When alien visitors are depicted in popular culture they typically fall into one of two categories. They are either benevolent explorers or merciless invaders. In the case of the latter, the cruelty is usually an extension of an emotionless pragmatism. In other words, our planet is simply being pillaged for resources for the benefit of the survival of the invading species. In the first volume of Jason Walz’s wildly inventive “Last Pick” from First Second, readers are presented with a third option. What if these technologically advanced invaders were the logical extension of a culture that prides itself on the same superficial venialities that plague our society today? What if they were the culmination and exemplars of our worst selves? What if we have seen the enemy and it is us?
Written and Illustrated by Jason Walz
Colored by Jon Proctor
An alien abduction has left behind only those younger than sixteen, older than sixty-five, or too “disabled” to work. In other words, people who weren’t a threat – until now. Twins Sam and Wyatt are ready to chuck their labels, break free from their captors, and inspire others to do the same. It’s time for “the last picked” to step into the game. Jason Walz pairs vivid world-building and a fast-paced adventure in a beautiful story of sibling devotion. With humor and action, Last Pick shares an empowering message about the dangers of labeling and writing people off. Available in softcover and hardcover editions.
Full disclosure: I have taken great interest in Jason Walz’s burgeoning comic book career. Over twenty years ago, we were roommates and both finding our way in our heady post-college years. Without fanfare, we drifted apart and lost touch. Years later and thanks to the then nascent social media, I found out he was taking a sabbatical from teaching to try his hand at creating a graphic novel. Good for him, I thought. You chase that dream, that silly, improbable pipe dream. Then I read the book, an account of a doomed cosmonaut juxtaposed with Walz’s own experience dealing with the loss of his mother to cancer. When his debut graphic novel, “Homesick,” published by Tinto Press, was nominated for an Eisner in 2014, I wasn’t surprised as it was as nakedly emotional and moving as anything I had read (and not just in comics) in years.
While “Last Pick” doesn’t plumb the same personal and emotional depths as “Homesick” (at least, not yet), it is certainly the product of a man who has something profound to say about life. While I have no interest in spoiling any of the plot details for the first part in this planned trilogy beyond the information in the solicitation, “Last Pick” arrives at a time in our culture when the message of inclusion couldn’t be more au courant, but what is important to know is that the book doesn’t feel opportunistic, overly-simplistic, or over-engineered for maximum message delivery—a delicate balancing act when dealing with this motif. Readers of all ages can smell shameless pandering. What Walz does is take a page (or 200) from the best in classic All Ages literature and updates the genre’s messages of self-worth and notions of youthful determinism with modern sensibilities. It tells a story that readers in 2018 need to hear about the foibles of underestimating people on superficial bases. More importantly though, it shows that this error in judgment is not exclusive to our powerful (and possibly alien) overlords. It’s something we all do, every day, to equally damaging effect. In that sense, “Last Pick” is a cautionary tale, a parable of an undesirable future that we have the power to prevent.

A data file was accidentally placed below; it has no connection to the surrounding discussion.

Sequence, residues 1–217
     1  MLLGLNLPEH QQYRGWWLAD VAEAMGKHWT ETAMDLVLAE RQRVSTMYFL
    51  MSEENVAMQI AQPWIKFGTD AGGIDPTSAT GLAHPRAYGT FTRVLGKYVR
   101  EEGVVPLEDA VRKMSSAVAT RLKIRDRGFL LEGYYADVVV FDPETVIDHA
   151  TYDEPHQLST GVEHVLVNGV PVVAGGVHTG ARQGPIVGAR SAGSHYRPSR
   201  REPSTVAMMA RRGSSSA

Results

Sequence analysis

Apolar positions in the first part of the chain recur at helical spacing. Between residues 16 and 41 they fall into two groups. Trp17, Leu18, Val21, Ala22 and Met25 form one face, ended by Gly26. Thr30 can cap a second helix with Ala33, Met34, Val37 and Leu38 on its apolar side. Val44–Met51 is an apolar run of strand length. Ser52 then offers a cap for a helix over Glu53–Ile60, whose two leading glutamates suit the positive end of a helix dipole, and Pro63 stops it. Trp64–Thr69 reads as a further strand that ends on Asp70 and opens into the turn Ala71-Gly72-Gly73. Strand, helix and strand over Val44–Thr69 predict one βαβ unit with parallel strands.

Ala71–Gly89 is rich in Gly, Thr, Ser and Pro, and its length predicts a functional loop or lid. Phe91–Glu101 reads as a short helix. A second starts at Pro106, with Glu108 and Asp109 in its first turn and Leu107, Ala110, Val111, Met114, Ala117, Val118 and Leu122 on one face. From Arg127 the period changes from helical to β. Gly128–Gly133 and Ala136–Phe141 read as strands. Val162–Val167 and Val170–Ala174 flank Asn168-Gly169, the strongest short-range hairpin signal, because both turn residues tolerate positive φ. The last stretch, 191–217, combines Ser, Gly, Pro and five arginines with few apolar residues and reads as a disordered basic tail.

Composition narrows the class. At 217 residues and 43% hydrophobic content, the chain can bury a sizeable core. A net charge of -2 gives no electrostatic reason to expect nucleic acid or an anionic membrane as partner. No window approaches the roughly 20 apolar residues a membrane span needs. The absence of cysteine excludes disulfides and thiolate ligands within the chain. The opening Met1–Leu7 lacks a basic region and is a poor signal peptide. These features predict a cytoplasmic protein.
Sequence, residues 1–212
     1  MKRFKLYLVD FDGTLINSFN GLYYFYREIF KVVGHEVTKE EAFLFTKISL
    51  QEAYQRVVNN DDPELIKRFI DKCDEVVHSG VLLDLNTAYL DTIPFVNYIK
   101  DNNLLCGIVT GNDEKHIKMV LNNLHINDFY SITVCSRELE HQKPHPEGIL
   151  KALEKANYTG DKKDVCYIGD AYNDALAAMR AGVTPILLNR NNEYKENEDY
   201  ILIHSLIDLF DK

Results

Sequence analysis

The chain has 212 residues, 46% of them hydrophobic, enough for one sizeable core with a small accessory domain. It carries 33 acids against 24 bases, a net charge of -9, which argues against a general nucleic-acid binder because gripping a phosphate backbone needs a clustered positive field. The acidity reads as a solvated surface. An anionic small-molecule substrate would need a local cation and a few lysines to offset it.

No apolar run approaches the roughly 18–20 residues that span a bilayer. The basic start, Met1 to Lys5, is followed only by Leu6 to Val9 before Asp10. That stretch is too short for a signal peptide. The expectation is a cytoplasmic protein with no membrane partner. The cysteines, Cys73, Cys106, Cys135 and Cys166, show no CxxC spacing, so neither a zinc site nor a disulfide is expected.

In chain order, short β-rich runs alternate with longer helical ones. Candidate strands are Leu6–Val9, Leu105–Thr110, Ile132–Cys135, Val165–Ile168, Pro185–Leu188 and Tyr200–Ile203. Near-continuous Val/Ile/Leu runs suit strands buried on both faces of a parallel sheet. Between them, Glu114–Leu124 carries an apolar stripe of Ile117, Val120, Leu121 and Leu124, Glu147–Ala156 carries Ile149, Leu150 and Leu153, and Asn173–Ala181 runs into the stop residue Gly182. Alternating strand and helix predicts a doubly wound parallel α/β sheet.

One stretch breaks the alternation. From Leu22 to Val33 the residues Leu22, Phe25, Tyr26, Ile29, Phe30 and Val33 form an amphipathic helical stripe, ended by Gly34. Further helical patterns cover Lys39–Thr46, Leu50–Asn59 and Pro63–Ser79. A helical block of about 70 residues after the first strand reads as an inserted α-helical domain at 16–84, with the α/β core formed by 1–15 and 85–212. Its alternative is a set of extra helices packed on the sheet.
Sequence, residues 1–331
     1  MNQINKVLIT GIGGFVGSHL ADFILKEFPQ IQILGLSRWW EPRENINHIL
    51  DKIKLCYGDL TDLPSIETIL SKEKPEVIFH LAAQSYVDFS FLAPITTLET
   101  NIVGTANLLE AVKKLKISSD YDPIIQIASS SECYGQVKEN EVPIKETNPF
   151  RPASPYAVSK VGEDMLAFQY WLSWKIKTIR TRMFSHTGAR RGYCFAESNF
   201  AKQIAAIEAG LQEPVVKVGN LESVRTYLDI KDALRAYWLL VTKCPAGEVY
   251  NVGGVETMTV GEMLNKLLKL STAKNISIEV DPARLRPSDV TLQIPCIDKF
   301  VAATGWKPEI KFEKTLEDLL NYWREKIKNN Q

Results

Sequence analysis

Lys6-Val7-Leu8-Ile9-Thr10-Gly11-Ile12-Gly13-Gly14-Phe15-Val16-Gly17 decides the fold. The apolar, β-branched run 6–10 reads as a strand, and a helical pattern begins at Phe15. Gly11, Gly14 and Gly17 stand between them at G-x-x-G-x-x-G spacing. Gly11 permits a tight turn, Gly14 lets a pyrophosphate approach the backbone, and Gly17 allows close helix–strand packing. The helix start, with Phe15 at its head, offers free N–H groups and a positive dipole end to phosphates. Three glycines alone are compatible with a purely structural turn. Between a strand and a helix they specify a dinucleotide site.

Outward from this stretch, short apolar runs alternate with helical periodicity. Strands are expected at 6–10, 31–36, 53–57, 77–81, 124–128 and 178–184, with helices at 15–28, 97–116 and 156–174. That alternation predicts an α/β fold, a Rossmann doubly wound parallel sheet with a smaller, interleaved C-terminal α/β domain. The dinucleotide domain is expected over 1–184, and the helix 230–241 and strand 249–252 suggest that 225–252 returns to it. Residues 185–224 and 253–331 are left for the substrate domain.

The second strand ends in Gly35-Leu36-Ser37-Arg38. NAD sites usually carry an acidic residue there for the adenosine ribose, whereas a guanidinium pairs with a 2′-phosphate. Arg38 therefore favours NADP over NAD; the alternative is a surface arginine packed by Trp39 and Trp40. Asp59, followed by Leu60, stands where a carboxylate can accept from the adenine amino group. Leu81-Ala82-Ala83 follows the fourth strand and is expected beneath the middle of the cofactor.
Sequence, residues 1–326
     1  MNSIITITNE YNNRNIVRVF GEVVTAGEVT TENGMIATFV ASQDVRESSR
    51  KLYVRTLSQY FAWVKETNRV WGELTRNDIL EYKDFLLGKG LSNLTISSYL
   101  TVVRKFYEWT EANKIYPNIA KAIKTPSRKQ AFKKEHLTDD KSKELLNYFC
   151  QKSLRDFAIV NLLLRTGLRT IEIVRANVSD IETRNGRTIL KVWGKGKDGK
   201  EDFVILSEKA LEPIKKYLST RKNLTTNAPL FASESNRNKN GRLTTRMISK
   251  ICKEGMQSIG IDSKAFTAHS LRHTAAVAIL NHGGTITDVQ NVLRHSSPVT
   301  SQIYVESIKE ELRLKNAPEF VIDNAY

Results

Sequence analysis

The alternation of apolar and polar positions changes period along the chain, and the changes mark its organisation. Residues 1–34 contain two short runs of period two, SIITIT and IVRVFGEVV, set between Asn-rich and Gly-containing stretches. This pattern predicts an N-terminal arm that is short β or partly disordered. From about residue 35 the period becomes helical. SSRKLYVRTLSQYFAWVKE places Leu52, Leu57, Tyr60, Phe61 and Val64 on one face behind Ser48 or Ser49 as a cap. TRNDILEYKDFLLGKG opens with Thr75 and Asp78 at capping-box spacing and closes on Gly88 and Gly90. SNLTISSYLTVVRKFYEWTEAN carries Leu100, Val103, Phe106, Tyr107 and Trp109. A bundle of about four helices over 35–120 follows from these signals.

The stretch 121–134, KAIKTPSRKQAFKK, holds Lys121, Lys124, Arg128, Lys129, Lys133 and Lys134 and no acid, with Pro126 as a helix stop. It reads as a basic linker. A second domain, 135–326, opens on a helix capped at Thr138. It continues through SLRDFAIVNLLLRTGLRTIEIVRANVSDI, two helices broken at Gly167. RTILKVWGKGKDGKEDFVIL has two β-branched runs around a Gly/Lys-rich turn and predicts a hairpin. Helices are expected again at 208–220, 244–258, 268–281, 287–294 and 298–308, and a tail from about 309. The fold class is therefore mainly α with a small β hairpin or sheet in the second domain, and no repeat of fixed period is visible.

If this sounds like dour proceedings for a book for younger readers, the presentation of “Last Pick” keeps the book from being mired in post-invasion philosophizing by presenting a story in a subversively playful way. Walz’s page designs are constantly mutating variations on a nine-panel grid with splashes and large establishing and punchline panels sprinkled throughout. Each page is packed with story, and the book’s pacing goes from first to fifth gear and back effortlessly with the help of Walz’s cartooning, which is both unfussy and dynamic. His deceptively simplistic caricatures evince emotion in the upward tilts and downward turns of eyes and mouths.Continued below
In a book that is essentially about the fallout of a planetary invasion, Walz chose to set the story of Sam and Wyatt in his own hometown of Elizabethtown, Kentucky, an area replete with rolling bluegrass hills and deep forests that even aliens cannot fully penetrate. I was reminded of M. Knight Shyamalan’s under appreciated and surprisingly funny 2002 film Signs that views planetary occupation through a similar small-town and rural lens. There are even a few jokes that playfully poke fun at the small-scale urban and rural Southern setting and, in fact, Walz’s own colorful Kentucky heritage. Speaking of colors, Jon Proctor eschews the typical post-apocalyptic palette for something more appropriate to the book’s genre and country setting without sacrificing the story’s built-in but bloodless (but not goo-less) alien malevolence.
There is little I am willing to write to prepare readers for Walz’s often hilarious depiction of these occupying aliens and the underlying darkly comedic tone of their three-year colonization. If the story were stripped of its bigger themes, their characterizations alone would make this a hoot, especially for younger readers. Young readers will also certainly connect with the young, twin protagonists of Sam and Wyatt and their sibling squabbles and underlying fidelity, and therein lies the true greatness of this first volume of “Last Pick”–that it can be enjoyed on many levels, which makes it a book that I can heartily endorse as truly for All Ages.